Here at The Elite Institute, we are keen on highlighting a variety of great games to our audience. Whether it be indies, AAA titles, or anything in between, we want to show off as much as possible in order to help guide your purchasing decisions.

That’s why we’re not entirely restricting ourselves to the Nintendo Switch. Thanks to Nintendo Labo VR Kit (check out our review), we’ve fallen in love with virtual reality and as a result have invested in a PlayStation 4 along with PSVR. There are some truly great experiences on the system, and we’d love to share our thoughts with you.

WHO WANTS TO BE THE GUY?
Back in 2018 (before the site even existed), I played a game on the Nintendo Switch called Suicide Guy. Despite many writing off the game simply because of its seemingly insensitive title, it actually offered a rather interesting premise whereby you have to force yourself out of a series of dreams by finding a way to die – after all, you can’t die in a dream. It had a really charming concept, but was ultimately let down by imperfect controls.

Now I’ve had a chance to review the PSVR version of that same game (relabelled as The Guy VR) thanks to the publisher, so I can see just how well it holds up when I become The Guy.

Many thanks to Chubby Pixel for the review code.

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Despite the game’s seemingly macabre subject matter, The Guy VR quickly sets the tone for something much more lighthearted as soon as you open up the game. After some initial calibration, you’re quickly put into the chubby protagonist’s role complete with massive hands and a beer belly than you can satisfyingly pound should you so wish to do so. The proportions are perhaps a little bit too exaggerated, but if you prefer you can decrease hand size and remove the body completely. I personally found The Guy’s body to be quite endearing and didn’t mind that it got in the way at times, but it can be adjusted depending on your preference.

Speaking of which, there are a number of tweakable options to help improve your VR experience for those prone to motion sickness. You can add blinders, adjust the turning style, and even switch between smooth movement and teleportation. I quite liked the teleportation movement in The Guy VR as it made the jumping a breeze, since clambering up objects with smooth movement can be as finnicky as it was in the flat version. The disadvantage of teleportation is that getting around takes much longer. Perhaps a movement approach that combined the two would have been ideal, as the teleportation is only really needed as a jumping assist. Whilst switching between the two may seem like a viable alternative, there’s currently a bug that removes the world when you switch movement type, meaning that you’ll have to restart in order to actually be able to use it.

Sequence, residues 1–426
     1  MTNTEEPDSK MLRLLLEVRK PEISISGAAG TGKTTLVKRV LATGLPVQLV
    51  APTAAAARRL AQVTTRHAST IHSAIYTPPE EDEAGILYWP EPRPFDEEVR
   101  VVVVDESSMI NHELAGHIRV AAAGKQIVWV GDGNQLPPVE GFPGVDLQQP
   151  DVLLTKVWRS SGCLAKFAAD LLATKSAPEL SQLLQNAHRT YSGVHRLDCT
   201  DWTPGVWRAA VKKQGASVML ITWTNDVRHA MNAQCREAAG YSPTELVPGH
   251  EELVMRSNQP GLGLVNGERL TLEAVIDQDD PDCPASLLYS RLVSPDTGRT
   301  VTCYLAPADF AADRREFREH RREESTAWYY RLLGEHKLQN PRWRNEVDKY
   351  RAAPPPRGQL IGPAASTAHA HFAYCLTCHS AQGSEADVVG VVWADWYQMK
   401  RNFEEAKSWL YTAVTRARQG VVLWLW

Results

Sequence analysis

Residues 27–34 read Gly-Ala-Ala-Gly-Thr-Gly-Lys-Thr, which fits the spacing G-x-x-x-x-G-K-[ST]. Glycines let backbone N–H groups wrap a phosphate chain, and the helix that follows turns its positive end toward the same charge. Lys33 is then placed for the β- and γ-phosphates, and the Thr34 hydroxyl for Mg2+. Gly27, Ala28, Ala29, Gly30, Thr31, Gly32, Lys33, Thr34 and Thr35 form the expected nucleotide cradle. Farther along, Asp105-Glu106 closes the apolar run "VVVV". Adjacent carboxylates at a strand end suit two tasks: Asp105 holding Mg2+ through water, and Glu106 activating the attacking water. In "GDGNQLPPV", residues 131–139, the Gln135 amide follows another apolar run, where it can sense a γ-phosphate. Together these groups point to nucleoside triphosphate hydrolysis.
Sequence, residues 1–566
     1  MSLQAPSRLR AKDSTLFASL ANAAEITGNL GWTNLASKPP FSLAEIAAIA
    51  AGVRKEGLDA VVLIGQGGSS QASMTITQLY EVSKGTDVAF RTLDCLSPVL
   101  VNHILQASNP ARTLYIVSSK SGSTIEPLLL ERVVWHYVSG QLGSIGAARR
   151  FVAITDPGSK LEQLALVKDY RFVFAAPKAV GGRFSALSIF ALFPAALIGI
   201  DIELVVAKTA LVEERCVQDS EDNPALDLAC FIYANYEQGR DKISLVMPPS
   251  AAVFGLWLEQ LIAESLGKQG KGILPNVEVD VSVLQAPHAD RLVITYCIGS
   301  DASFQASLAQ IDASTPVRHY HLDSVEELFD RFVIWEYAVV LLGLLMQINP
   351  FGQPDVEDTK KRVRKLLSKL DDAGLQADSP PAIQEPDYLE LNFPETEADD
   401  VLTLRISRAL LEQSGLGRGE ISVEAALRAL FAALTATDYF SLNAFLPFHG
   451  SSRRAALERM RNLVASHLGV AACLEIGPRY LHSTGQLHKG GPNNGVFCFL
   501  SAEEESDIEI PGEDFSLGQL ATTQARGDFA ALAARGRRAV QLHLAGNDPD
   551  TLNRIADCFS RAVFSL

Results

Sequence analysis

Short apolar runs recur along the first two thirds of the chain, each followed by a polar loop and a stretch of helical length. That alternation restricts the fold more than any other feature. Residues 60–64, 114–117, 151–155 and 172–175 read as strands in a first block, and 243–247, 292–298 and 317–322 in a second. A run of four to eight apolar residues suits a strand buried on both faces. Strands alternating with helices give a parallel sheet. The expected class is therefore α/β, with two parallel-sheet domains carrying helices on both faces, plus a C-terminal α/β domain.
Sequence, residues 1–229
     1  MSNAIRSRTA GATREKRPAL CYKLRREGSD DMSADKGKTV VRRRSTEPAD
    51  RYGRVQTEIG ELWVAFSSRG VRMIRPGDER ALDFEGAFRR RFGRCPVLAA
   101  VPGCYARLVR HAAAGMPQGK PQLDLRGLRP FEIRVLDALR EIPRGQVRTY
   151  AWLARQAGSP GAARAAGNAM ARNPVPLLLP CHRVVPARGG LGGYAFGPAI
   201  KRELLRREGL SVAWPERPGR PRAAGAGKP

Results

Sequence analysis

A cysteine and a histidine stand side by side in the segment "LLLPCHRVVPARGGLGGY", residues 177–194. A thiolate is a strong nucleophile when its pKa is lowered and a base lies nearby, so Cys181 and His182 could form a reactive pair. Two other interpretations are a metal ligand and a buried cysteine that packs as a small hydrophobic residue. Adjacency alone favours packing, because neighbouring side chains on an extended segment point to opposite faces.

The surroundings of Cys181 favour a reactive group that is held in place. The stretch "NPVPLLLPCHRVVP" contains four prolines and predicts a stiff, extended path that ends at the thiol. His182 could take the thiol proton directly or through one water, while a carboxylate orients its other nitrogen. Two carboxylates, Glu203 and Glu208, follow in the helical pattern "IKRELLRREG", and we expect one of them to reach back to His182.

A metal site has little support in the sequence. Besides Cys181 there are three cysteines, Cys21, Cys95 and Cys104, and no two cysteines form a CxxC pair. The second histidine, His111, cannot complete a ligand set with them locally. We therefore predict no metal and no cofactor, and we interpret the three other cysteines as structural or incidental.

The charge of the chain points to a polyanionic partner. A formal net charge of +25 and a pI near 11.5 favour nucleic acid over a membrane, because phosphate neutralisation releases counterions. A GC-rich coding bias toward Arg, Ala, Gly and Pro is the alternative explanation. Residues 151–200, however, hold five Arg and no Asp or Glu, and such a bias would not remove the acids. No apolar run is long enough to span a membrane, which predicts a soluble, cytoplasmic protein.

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Each of the game’s stages task you with solving a series of puzzles or platforming challenges in order to find a way to die. One could have you crashing a space-ship into the sun, whist another is very heavily themed on the Super Mario franchise and tasks you with doing a bunch of 3D platforming before getting plunged into a bed of spikes. There’s some real creativity involved with the game’s stages, and many even subvert your expectations. One such stage early on has you go through a saw-mill, looking on at the deadly saws behind closed glass; however, you soon find out that being splatted is how you’re meant to die. It’s moments like these that help add to the surprise, and some of the later stages can make you laugh out loud once you your intended fate finally ‘clicks’.

Controls are relatively straightforward for the most part, and manipulating objects (such as drills) with your massive  hands is particularly satisfying – although I will say that the button mapping isn’t always the most intuitive; in particular, I always had issues remembering what the crouch and jump buttons were, but the slow nature of the gameplay meant that it never mattered all that much either. 

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Unfortunately, all this charm and creativity is spoiled by one major issue: the game is riddled with some major bugs that can make the game nigh on impossible to get through. Some of them can be resolved by restarting the level, such as the one mentioned earlier, but others are much harder to bypass. Oftentimes it’s an issue where the physics won’t work properly, and objects get stuck (sometimes in thin air), or perhaps it’ll be a wall that you can just fall out of by pressing against it. One level would literally push me out of a wall just by climbing a ladder and holding forward at the top.

There are also moments where the levels don’t take into account the teleportation movement mode. Anywhere you need to duck under will allow you to teleport but can then result in you getting stuck inside a wall. One level early on was even impossible to beat without pressing the jump button – thus forcing you to use the smooth control scheme.

These issues occurred frequently and affected almost every stage, and there were stages that were seemingly unbeatable (at least on the PSVR1 version, since I watched a playthrough of someone playing on PC without encountering the same issues). It’s a real shame too, as the game is genuinely really enjoyable in VR and deserves to be patched sufficiently enough so that people can really enjoy playing it.

VERDICT
The Guy VR would be a fantastic PSVR experience if it wasn’t riddled with a variety of major bugs. From walls that can be walked through to physics that just refuse to work sometimes, it can be a real test of patience as you’re forced to continually restart in order to get through the game. A patch so long after release is probably unlikely at this point, but hopefully it happens one day as that is the one thing stopping me from wholeheartedly recommending it.